Over the past year, I’ve had the chance on two opportunities to visit our friends at Couture Trucking in northern Vermont. Jean Couture started Couture Trucking in 1976 and that first decade or so was spent hauling milk throughout New England. In the late 1980’s, Jean moved the company away from the milk business and started transporting malt. Nowadays, the malt business keeps Jean and his son Dwayne plenty busy. Dwayne is now running things there, but Jean is still known to get behind the wheel of a truck every now and then. In fact, they recently had their busiest week ever, loading over 650,000 pounds of malt.
Today, Couture only transports malt. They have 14 full-time drivers delivering malt in company-owned pneumatic trucks to customers up and down the East Coast. In fact, Jean and I recognized each other from when he delivered malt to Legend Brewing Company in Richmond, Virginia, where I used to work. I still remember knocking on the truck door and waking Jean up (Legend normally had very early morning bulk deliveries).
So why does Briess, located in Wisconsin, work with a trucking company based in Vermont? The facilities that Couture operates in Vermont are what we call transload sites. A transload site is, simply put, a site where bulk malt arrives via railroad and can be off-loaded into storage bins or transferred (usually via auger or conveyor) into a bulk truck for the journey to a customer’s malt silo. Briess currently sends two base malts in railcars to the Couture transload site in Barton, VT. Our railcars are detached from the train and stored on a rail spur on the property. The Barton site stores our railcars and has four bins for storage of other malts, as well as a truck scale. Couture has another site in Lyndonville, VT, that houses another 27 malt storage bins. They also operate a maintenance facility close by where they service and wash-out their trucks.
What is the advantage to a transload site? At the Couture site, they can handle a railcar with about 196,000 pounds gross due to the size of the iron rails. That means we can move about 180,000 pounds or so in a single railcar. Compare that to a bulk pneumatic truck, which can only handle about 48,000 pounds. Cost is another factor – moving malt via rail on a per pound basis is much lower than cost of moving malt via an over-the-road truck. We still must transport the malt from Couture to our customers in trucks, but that journey is much shorter. The flip side of this is that once we release our full railcar to the railroad, it can take up to two weeks to get to the Couture site in Vermont. Thankfully we have a great logistics team at Briess HQ that monitors the railcars to ensure that we always have a constant supply of malt at Couture.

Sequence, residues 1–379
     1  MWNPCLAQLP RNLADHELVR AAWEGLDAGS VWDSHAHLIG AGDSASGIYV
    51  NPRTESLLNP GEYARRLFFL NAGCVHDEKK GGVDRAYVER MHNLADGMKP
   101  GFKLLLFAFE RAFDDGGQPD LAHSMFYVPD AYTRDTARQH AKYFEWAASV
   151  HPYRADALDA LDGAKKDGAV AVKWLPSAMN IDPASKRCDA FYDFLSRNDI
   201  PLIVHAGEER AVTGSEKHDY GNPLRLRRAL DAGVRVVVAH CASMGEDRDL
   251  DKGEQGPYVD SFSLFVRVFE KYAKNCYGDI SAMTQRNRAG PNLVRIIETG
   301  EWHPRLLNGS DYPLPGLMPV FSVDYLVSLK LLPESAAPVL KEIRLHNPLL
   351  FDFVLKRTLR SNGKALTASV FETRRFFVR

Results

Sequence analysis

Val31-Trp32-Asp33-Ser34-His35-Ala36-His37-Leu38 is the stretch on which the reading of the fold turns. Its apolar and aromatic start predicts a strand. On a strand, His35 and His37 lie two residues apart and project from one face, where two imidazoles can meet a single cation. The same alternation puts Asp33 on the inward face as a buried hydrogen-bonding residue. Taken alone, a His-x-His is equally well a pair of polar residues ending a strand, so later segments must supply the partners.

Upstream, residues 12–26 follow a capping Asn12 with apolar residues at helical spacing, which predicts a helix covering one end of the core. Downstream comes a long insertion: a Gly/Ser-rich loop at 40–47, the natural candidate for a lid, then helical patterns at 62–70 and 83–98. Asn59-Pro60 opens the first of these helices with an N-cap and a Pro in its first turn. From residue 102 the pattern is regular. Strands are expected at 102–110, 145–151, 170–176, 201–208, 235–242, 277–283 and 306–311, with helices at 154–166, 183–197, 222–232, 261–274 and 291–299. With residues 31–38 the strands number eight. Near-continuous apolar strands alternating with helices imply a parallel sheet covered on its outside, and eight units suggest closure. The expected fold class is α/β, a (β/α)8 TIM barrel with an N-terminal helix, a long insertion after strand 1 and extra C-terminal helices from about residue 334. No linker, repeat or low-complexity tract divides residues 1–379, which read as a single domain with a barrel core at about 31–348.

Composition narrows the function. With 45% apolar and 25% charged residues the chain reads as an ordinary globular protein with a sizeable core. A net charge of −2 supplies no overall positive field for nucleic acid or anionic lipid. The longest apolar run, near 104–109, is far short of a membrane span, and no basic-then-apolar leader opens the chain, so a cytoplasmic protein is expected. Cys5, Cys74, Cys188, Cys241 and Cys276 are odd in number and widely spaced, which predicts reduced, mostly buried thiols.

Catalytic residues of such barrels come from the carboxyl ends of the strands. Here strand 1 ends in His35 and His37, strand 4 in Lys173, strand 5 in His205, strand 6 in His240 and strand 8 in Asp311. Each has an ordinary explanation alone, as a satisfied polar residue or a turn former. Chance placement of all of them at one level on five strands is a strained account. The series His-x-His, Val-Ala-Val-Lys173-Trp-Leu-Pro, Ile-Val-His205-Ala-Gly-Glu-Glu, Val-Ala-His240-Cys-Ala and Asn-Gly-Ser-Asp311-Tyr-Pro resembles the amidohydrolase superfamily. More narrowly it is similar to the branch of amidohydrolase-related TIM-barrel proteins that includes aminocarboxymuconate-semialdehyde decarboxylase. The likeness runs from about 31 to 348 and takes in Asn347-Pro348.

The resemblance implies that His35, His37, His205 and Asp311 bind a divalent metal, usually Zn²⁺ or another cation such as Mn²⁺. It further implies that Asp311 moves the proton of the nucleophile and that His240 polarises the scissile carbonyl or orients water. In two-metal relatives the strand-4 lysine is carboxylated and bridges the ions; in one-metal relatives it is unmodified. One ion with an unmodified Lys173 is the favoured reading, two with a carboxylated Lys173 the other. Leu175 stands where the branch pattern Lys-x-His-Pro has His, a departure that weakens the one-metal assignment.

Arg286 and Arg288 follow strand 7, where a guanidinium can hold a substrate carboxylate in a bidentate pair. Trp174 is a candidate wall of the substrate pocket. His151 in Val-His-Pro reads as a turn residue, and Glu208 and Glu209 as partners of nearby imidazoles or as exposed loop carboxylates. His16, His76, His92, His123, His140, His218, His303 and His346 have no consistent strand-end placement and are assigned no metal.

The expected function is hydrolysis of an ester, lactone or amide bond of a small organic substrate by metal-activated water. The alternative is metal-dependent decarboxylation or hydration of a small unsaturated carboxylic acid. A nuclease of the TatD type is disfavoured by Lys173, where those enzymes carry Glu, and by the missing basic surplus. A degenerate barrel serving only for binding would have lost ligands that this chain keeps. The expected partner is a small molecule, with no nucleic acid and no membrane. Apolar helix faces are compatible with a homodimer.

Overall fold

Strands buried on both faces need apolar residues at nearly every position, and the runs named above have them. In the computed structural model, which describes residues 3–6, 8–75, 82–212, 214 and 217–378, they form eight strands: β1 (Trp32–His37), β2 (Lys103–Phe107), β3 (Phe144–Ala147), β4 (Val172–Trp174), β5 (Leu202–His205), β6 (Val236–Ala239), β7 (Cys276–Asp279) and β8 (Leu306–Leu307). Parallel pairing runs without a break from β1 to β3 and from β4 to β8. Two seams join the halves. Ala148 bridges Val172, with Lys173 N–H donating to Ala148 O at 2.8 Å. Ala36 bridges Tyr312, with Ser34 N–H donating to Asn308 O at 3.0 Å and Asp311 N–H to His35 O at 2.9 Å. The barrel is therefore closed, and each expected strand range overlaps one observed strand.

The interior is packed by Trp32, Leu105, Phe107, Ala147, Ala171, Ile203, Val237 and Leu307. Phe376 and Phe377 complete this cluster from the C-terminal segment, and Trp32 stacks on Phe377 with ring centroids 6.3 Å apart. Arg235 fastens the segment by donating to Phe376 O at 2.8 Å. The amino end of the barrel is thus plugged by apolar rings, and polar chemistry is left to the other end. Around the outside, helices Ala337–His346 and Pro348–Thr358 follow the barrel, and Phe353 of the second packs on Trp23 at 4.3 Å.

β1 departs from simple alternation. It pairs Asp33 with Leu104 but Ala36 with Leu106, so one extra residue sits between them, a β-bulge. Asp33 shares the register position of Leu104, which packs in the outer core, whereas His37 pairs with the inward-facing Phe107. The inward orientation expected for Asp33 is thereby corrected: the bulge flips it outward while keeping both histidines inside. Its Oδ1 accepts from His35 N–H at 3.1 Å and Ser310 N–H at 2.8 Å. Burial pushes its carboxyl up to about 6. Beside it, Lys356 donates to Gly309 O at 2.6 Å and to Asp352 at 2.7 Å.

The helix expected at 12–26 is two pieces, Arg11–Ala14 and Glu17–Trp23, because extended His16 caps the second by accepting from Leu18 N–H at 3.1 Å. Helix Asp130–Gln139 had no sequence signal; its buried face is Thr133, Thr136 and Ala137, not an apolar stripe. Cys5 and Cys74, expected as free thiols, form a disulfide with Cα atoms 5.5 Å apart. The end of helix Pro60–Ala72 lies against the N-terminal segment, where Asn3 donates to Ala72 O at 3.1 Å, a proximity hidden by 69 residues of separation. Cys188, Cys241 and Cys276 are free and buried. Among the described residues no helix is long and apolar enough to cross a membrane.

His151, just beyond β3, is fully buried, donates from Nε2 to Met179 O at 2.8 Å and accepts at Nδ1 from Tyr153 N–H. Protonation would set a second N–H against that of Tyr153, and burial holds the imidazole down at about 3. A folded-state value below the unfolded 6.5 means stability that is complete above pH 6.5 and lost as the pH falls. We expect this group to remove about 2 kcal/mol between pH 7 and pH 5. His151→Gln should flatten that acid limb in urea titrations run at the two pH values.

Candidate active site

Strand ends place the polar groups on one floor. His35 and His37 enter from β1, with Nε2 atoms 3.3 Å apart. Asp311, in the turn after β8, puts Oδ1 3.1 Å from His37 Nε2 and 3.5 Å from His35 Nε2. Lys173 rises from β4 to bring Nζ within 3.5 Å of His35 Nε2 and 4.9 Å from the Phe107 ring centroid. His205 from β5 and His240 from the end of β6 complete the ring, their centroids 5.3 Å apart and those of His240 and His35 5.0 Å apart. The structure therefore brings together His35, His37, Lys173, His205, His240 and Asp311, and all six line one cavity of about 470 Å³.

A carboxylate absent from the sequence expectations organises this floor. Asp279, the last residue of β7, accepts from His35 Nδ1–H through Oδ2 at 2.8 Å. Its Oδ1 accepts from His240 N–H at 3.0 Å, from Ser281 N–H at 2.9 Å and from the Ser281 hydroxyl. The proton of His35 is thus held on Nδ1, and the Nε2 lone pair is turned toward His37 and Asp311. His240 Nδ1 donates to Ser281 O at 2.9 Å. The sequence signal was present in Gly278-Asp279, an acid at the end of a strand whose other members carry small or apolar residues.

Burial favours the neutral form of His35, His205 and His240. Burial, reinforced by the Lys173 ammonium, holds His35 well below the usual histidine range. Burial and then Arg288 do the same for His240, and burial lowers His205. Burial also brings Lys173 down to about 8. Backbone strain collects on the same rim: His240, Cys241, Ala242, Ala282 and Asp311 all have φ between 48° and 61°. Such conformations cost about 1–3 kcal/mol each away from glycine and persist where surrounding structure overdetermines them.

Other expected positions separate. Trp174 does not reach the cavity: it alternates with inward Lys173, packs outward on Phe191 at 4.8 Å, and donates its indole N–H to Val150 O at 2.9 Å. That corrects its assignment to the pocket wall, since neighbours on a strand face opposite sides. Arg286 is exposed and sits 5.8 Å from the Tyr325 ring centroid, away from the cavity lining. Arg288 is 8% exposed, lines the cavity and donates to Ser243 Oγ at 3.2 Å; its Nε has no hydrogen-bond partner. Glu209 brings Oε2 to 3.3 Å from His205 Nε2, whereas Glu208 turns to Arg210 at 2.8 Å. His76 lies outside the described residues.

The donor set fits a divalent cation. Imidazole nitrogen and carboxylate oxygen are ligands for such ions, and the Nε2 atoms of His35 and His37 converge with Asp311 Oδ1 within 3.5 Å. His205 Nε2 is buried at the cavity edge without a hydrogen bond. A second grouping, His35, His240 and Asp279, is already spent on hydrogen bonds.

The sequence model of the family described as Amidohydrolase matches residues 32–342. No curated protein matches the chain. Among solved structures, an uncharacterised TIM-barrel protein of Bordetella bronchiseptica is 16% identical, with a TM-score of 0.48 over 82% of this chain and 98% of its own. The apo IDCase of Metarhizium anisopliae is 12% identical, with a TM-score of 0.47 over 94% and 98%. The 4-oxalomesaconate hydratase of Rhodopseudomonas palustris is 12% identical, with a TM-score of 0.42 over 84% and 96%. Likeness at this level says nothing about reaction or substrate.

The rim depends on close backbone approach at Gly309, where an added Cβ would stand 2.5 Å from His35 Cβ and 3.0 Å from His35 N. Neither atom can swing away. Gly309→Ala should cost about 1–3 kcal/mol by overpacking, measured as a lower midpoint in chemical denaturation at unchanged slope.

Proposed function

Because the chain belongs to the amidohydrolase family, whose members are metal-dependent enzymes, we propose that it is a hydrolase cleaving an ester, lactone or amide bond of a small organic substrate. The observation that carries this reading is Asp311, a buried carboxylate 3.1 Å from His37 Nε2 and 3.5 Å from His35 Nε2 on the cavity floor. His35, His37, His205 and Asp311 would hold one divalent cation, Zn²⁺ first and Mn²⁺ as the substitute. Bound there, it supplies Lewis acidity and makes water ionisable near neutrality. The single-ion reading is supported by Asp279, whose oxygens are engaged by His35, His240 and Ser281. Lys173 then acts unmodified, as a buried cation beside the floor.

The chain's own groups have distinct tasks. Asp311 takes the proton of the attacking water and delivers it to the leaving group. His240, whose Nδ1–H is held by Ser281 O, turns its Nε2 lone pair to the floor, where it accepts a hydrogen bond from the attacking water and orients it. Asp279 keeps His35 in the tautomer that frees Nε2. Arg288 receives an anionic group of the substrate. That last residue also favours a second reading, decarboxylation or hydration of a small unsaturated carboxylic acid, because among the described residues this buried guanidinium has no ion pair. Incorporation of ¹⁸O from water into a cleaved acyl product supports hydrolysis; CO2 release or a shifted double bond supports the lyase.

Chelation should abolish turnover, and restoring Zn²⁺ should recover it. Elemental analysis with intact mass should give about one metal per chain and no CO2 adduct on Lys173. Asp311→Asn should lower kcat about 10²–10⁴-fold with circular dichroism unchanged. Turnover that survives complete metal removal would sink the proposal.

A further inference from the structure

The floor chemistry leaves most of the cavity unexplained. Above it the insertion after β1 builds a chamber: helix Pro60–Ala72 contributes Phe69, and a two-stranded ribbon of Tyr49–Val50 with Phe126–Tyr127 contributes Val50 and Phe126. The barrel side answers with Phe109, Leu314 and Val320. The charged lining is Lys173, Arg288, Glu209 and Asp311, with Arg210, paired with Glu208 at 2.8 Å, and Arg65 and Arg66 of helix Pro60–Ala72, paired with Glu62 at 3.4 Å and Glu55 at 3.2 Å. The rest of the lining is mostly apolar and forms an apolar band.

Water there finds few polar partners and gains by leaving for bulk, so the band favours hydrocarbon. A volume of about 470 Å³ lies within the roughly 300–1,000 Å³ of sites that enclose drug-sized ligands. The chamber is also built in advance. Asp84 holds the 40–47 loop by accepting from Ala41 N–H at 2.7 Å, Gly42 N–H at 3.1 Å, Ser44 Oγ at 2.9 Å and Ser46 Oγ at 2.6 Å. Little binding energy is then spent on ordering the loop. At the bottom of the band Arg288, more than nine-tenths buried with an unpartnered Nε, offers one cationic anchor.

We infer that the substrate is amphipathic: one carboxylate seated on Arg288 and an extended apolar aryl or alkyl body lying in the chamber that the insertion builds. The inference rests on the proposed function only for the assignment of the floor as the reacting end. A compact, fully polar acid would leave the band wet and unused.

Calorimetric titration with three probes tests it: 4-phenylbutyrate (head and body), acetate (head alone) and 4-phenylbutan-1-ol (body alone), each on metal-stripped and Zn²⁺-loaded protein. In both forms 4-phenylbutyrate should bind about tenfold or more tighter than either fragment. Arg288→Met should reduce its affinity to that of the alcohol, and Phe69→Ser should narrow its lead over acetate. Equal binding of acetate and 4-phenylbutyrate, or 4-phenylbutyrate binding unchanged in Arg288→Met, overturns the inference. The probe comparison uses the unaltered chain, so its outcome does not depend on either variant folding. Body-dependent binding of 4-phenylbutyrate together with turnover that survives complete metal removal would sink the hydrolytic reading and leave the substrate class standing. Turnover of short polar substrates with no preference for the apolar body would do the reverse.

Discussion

On my first visit to Couture, Dwayne was kind enough to give a tour to myself and a few Briess customers. On my second visit, I was joined by our Quality Manager, Betsy Roberts, as well as our Company President, Ryan O’Toole. Betsy was performing an audit of the facilities and Ryan wanted to get a better understanding of their operations. I was their glorified chauffer. I asked Betsy why she needed to travel all the way to Vermont to visit with Dwayne and Jean – “In order to maintain the quality and safety of our products throughout our supply chain, Briess has additional inspection protocols that we require for our suppliers and any party that will be directly supplying our customers. This policy includes performing audits of our transload sites as well, which ensure that our high standards are maintained until product arrives at the customers door.” So there you go.
Briess has had a great relationship with the team at Couture for over ten years. It’s a great fit, and much like Briess, Couture is a family-run business with a strong commitment to quality and to their customers. We look forward to the years ahead with our Vermont partner!